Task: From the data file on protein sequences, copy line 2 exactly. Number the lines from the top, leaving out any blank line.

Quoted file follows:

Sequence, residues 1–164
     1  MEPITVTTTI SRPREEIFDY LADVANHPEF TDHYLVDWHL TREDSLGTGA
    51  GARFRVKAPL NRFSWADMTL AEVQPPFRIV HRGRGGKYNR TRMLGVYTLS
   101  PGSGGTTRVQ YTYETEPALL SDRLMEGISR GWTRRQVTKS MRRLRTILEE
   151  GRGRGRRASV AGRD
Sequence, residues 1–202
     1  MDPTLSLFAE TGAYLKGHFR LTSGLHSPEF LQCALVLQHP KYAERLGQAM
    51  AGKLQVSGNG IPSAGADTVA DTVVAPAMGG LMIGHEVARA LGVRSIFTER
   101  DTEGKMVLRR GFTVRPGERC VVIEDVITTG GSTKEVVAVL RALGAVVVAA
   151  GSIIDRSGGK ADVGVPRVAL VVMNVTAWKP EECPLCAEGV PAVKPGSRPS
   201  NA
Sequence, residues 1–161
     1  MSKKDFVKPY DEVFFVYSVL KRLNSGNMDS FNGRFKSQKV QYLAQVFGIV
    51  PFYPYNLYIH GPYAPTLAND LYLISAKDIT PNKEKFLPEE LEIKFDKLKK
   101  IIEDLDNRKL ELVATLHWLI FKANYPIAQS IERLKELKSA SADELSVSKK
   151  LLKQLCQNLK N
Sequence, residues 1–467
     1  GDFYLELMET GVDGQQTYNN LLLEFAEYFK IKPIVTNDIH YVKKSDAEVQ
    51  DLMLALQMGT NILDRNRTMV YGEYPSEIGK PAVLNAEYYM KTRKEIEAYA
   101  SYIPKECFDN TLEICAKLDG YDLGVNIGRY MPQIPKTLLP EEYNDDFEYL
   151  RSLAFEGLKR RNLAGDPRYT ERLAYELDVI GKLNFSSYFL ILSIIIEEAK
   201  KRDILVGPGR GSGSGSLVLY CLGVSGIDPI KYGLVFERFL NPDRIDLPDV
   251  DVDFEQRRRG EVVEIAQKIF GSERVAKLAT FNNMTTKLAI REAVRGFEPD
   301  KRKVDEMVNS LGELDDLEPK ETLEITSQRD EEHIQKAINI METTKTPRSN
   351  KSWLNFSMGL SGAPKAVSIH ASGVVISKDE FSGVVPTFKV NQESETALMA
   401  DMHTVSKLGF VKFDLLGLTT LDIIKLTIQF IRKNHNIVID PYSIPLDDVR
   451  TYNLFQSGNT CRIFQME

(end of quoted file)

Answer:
     1  MEPITVTTTI SRPREEIFDY LADVANHPEF TDHYLVDWHL TREDSLGTGA